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University Missourian. (Columbia, Mo.) 1908-1916, November 05, 1912, Image 1

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UNIVERSITY MISSOURIAN:
1
FIFTH YEAR
COLUMBIA, MISSOURI,
ORNING, NOVEMBER 0, 1912
NUMBER 44
m
IT'S WILSON BY AN OVERWHELMING PLURALITY
ft
6
l
i
A
EXTRA
BOONE COUNTY CAST
ITS LARGEST VOTE
Columbia, Also, Did Its Full
Share In Yesterday's
Election.
WILSON "RAN AWAY"
Roosevelt Was Third In The
Race Both In City And
County.
With twenty-seven of the thirty- (
four precincts of Boone County heard
from. Wilson, far in the lead of his
Republican and Progressive oppon-,
ents for President, has polled for the
Democrats the largest vote ever cast
in the countv. Tail is second and
Roosevclt third. Major is leading Mc-
Kinlev and Xortoni by about the same
majorities in his race for governor.
AH the state o"icers on the Demo
cratic ticket are rolling up practically
the same pluralities as Wilson and
Major.
Shackelford is far in advance of Pe
ters .his Republican opponent, and
Pemberton, Progressive candidate, for of "Uncle Joe" Cannon, former speak
conuressman. It looks as if Boone er of the House of Representatives
County will give Congressman Shack- and the stand-pat bugaboo by which
elford the largest majority it has ever all good Democrats frighten their
recorded for him. children into good behavior, will no
The vote cast in Columbia will ex-1 longer be seen in the Capitol. The
ceed 2.000 and is the largest ever cast. Xew York Sun announced earl" last
3he,.rour precincts gave Wilson a to-J.
""ta7 of 1.GS3 votes, Taft, 33G, and
Roosevelt, 393.
The vote for the county will exceed
that cast four years ago, when the to
tal Democratic vote was 5,041 and the
Republican vote 2,149. In the twentyy
seven precincts heard from, Wilson
received a total of 4.1S3 votes. Taft, j Hcpublicans 0f Ohio Send Roosevelt's
1,243. and Roosevelt. 0,33. Major Soii-iii-Lnw to Washington.
candidate for governor, received 4,100 ( The Xew York Sun stated last night
votes, McKinley. Republican, 1.2S1 and ' that Nicholas Longworth was elected
Xortoni, Progressive. C24. Roosevelt Congressman from Ohio on the Re
ran a poor third in every precinct ex- publican ticket. Mr. Longworth re
cent two. in each of which he received fused to follow the move of his father
two votes more than Taft. I in-law. Colonel Roosevelt, remaining
Hie surprising features of the,
Boone County vote are the unusually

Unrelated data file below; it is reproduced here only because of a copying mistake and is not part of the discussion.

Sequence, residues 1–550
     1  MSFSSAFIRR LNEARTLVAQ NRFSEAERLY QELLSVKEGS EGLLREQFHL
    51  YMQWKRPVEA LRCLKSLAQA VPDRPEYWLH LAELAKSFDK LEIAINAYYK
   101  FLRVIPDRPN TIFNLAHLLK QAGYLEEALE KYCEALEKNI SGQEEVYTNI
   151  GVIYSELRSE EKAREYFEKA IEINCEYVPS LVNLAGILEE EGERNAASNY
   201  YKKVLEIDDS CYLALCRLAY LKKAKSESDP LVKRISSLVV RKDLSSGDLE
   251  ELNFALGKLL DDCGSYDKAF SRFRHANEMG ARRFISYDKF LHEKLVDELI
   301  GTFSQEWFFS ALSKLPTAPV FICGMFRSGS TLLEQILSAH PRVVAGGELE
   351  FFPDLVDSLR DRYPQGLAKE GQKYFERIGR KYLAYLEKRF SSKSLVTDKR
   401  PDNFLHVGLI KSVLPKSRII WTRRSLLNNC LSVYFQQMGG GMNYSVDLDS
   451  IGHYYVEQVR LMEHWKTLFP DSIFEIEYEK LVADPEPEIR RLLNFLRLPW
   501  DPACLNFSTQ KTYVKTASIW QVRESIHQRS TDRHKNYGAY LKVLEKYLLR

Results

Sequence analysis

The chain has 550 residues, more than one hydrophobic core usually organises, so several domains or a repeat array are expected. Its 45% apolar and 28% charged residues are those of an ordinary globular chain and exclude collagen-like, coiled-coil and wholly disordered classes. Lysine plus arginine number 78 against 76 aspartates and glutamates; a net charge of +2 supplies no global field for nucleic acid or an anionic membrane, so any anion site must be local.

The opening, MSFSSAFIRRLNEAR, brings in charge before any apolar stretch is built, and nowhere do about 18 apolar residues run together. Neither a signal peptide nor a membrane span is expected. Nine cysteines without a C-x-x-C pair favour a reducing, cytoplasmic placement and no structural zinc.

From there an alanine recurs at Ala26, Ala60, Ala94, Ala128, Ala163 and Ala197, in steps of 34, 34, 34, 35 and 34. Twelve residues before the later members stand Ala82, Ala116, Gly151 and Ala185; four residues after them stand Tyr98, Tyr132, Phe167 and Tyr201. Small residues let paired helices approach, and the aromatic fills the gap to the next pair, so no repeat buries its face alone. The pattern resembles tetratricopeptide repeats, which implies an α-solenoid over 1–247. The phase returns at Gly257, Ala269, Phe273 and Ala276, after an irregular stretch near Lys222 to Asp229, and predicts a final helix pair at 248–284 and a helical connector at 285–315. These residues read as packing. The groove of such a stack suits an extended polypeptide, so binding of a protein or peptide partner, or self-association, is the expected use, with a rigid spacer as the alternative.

large Democratic votes and the
strength Taft displayed over Roose
velt. The vote in the precincts heard
from tonight was recorded as follows:
Centralia, for Wilson 4r,S; Taft. 93;
Roosevelt, 37; Major, 472; McKinley,
31. and Xortoni. 31. First Columbia;
precinct, for Wilson, 37S; Taft. 92:
Roosevelt, 77: Major, 304; McKinley,
101; Xortoni. SI. Second Columbia
precinct, for Wilson, 133; Taft, ir,2; agajnst all the proposed constitutional
Roosevelt, mi: Major. 120; McKinley. i , , . , .. .. ,
' J ' ' , amendments, including the Educa
10; Xortoni. 102. Third Columbia I
precinct. Wilson. 42S; Taft. 132: , t,onal Amendment. It is probable
Roosevelt. S:i; Major, 410; .McKinley, , that the single tax proposition, which
I'm; Xortoni. ill). Fourth Columbia , was bitterly opposed by the farmers
precinct. Wilson, 144: Taft, H0;of tlc state. carried all the amend
Rooolt. 123; Major. 439; McKinley. men,s tQ defcat just as the ,,,,,,,.
n-: .ortoni, 11.1. Brown station .o.
1. Wilson. r,4; Taft. 19: Roosevelt. 11;
Major. "4: McKinley. 19; Xortoni, 11. Late last night returns had been
Harg. Wilson, 71: Taft, 17; Roosevelt, receied from about twenty-five pre
2: Major. 71; McKinley. 17; Xortoni. chiefs in the county outside of Co
2. Prathersvillo. Wilson. 71; Taft. 10: lumbia. These show only 13 votes in
Roosnwlr, S; Major, 71; McKinley, , favor of the single tax amendment, as
1C; Xortoni. S. Sturgeon, Wilson.
211: Taft. 90; Roosevelt. 92; Riggs.
Wilson. S7: Taft, 3; Roosevelt, 3; Ma
jor, S7: McKinley, 3: Xortoni. 3.
Hallslll., Wilson. 301: Taft. 19:
Roosewlt. .-,; Major. 301; McKinley.
19; Xortoni. .-,. Gallop's Mill, Wil
son. (2: Taft. 9: Roosevelt. 1; Major
42; McKinley. 9; Xortoni. 1. Grand-'
view school house. Wilson, 03; Taft.
S; Roosevelt. 7: Major, 03; McKinley,
!: Xortoni. 7. Rocheport. Wilson.
ICC; Taft. SS: Roosevelt. 3; Major.
MS: McKinley, S7; Xortoni, 3.
Huntsdale. Wilson 101: Taft, 32; j
Rooewlt. 4; Major, 104: McKinley,
32; Xortoni. 4. Harrisburg. Wilson,
117; Taft. 10: Roosevelt. 0; Major.
H9; McKinley S; Xortoni, 0. Wood
landville. Wilson. 107; Taft. 31:
Roosevelt. 1; Major. 107; McKinley.
31: Xortoni. 1. Hinton, Wilson, S9:
Taft. 9: Roosevelt. 0; Major. S9; Mc
Kinley, 9; Xortoni, C. Perche. Wilson.
9S; Taft. 12: Roosevelt, 3; Major. 98: